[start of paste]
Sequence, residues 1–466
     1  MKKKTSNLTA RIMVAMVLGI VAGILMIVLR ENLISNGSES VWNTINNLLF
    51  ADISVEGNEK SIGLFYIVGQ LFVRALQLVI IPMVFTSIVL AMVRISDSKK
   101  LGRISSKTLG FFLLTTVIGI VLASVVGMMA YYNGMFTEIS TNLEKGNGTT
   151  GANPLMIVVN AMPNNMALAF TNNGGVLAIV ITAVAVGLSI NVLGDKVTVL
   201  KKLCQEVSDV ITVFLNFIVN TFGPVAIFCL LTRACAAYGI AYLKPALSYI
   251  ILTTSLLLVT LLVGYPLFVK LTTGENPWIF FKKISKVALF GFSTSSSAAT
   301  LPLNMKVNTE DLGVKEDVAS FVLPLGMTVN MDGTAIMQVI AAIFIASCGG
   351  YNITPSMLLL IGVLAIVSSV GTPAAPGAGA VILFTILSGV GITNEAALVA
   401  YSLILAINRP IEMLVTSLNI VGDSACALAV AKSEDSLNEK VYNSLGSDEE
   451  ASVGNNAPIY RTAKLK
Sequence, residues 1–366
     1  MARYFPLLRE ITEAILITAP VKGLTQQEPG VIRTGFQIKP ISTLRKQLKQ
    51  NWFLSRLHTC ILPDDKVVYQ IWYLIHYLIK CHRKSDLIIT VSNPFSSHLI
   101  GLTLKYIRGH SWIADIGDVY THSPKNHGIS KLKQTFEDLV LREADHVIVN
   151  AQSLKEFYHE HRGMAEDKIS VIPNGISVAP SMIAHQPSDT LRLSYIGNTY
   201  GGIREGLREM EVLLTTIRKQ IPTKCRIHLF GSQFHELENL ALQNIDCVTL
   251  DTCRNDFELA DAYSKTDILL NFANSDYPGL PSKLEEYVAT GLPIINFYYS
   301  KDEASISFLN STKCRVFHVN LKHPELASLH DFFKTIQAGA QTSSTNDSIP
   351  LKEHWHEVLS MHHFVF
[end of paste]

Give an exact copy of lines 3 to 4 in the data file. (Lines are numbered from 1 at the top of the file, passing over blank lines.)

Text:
    51  ADISVEGNEK SIGLFYIVGQ LFVRALQLVI IPMVFTSIVL AMVRISDSKK
   101  LGRISSKTLG FFLLTTVIGI VLASVVGMMA YYNGMFTEIS TNLEKGNGTT